We’ve all heard it, and very few of us our still in denial about the out of control spiral of the weight of the average American. If you have never looked at the numbers you can see in the US maps from the CDC the increases in obesity in America by state. By 1990 most states had begun tracking obesity (a BMI of 30 or higher) numbers. You can see no state had more than 14% of the adult population qualifying as obese. Look next at the 2017 CDC map (the new map changed colors), now no state is below 20% of the population being considered obese with many states having over 35% of the population suffering with obesity*. Even those who are not classified as obese, but still need to “lose a few” is on the rise.
The good news is the 2017 map is the first year that we see any state in the union reducing their obesity rates. As we turn the corner and try to get our waist lines under control I want to address one issue that is often sabotaging our efforts. Understanding this will help you not fall victim to the issue.
Working out makes you hungry so you tend to eat more after a workout. You can help keep your calorie consumption after a workout on track by eating within an hour of the workout and ensure a good amount of protein in the meal. While you are working out blood is diverted from the stomach to the muscles. Once you stop, the hunger comes on quick and usually with more intensity. Take advantage of the time lag it takes for your body to recover and eat before you are “starving” from your workout.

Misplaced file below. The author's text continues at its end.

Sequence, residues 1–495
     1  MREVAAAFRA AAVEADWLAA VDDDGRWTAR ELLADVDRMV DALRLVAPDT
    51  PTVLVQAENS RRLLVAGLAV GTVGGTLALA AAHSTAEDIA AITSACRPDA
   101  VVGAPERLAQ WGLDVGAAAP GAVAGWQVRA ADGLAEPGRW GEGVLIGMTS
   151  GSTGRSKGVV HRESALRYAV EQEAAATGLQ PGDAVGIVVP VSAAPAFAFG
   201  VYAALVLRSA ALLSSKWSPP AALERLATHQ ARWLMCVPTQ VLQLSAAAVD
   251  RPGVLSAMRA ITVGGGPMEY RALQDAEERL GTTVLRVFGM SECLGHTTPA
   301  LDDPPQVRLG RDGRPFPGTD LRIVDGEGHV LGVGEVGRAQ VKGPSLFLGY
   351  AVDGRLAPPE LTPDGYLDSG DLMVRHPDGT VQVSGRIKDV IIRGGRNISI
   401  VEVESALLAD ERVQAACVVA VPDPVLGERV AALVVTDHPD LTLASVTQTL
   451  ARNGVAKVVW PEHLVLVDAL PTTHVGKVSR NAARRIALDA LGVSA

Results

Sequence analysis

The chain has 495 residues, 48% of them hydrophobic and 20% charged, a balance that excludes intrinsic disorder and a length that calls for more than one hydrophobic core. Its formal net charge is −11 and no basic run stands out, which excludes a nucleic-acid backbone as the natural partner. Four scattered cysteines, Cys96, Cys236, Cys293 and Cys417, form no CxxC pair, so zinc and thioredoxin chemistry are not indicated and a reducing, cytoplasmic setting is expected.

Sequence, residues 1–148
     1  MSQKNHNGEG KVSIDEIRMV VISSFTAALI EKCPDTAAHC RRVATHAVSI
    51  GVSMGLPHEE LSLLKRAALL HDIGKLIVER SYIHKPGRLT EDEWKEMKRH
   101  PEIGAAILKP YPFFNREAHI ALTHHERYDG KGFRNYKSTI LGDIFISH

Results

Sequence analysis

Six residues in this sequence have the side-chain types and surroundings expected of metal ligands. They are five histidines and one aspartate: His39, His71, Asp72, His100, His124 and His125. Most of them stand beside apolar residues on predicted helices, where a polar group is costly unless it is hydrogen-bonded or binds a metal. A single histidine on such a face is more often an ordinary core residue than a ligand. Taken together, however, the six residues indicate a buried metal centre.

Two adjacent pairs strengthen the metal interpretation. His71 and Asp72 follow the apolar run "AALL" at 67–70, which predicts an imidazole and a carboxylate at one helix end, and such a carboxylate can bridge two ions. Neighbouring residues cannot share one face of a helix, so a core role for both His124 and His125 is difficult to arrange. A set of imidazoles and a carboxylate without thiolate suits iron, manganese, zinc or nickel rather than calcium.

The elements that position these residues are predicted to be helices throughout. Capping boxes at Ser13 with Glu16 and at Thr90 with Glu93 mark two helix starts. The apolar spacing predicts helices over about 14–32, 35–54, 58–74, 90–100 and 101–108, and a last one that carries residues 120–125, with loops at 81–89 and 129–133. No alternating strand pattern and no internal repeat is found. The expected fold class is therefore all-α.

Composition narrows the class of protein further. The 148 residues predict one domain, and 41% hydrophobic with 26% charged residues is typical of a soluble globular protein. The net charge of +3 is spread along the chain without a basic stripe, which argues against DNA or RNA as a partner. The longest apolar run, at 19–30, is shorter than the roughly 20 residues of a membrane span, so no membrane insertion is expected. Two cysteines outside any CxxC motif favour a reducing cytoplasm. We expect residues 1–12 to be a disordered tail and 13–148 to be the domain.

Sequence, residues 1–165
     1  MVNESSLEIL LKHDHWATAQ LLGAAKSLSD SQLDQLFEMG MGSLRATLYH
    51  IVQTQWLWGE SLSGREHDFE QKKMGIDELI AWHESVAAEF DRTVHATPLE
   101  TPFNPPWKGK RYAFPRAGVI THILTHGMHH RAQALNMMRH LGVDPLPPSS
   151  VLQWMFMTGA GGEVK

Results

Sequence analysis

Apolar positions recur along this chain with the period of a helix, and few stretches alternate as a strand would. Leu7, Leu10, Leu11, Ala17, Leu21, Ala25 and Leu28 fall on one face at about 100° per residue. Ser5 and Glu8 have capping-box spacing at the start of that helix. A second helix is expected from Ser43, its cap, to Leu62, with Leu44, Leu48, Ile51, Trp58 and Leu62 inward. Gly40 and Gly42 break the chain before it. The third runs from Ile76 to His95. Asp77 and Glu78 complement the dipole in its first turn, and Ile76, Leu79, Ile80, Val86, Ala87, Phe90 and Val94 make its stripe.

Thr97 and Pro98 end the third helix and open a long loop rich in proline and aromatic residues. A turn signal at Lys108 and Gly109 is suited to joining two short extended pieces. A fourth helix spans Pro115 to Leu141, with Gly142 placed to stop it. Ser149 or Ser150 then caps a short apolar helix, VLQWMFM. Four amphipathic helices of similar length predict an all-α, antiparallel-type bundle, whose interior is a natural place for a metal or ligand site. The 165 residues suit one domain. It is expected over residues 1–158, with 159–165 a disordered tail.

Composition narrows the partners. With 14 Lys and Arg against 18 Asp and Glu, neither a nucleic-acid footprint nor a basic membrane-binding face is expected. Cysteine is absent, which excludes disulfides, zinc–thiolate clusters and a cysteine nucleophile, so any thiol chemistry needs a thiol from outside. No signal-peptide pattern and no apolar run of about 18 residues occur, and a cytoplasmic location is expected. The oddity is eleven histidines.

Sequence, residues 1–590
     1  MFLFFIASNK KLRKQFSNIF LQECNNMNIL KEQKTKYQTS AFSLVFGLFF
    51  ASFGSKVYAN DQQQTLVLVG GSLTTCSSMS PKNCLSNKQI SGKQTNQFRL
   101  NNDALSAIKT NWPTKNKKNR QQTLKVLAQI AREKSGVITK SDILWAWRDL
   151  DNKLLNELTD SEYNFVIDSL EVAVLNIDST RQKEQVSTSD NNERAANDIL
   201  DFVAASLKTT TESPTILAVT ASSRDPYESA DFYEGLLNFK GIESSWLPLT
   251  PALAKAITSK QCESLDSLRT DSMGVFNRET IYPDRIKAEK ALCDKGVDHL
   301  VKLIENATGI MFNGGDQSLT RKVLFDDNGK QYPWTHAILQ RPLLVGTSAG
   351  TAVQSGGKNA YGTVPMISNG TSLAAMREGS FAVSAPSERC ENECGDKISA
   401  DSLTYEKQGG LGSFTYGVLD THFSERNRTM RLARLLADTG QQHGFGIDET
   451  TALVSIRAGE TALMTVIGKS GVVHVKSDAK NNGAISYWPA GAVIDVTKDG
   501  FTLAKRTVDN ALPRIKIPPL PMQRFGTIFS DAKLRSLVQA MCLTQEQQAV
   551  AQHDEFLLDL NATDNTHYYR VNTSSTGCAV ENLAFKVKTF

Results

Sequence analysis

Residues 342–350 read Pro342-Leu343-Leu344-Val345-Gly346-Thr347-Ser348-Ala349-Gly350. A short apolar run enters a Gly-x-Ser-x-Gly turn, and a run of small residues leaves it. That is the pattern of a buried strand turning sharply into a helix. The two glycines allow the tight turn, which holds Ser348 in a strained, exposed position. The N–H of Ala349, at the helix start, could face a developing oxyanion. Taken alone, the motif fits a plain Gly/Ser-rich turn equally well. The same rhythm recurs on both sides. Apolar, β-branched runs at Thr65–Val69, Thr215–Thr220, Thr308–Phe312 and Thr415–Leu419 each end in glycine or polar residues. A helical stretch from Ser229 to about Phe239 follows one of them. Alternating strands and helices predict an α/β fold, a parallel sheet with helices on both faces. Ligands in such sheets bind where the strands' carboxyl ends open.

The second form of this problem is when you feel like you “earned a reward” or “can afford a treat” because of the tough workout. To stay out of this trap, keep the math in mind. A 150 lb swimmer who does a mile in 30 minutes burns about 400 calories. Now read the label on your favorite treat. Did you just burn more calories or consume more? A typical bowl of ice cream can be more calories then you just burned swimming a mile.
Want to determine how many calories you burned swimming? Here is the best tool I have found for determining your calorie use. http://www.swimmingcalculator.com/swim_calories_calculator.php If you know of a better calculator I want to hear about it and share it with my readers. Please post the URL of your recommended free tool below.
*In 2011 the CDC made methodological changes to the way they collected data. Making the comparison of the 1990 map to the 2017 map have scientific inaccuracies. I felt for the broad purposes used here the methodological changes did not alter the trends in a meaningful way. For more information on the methodological changes visit http://cdc.gov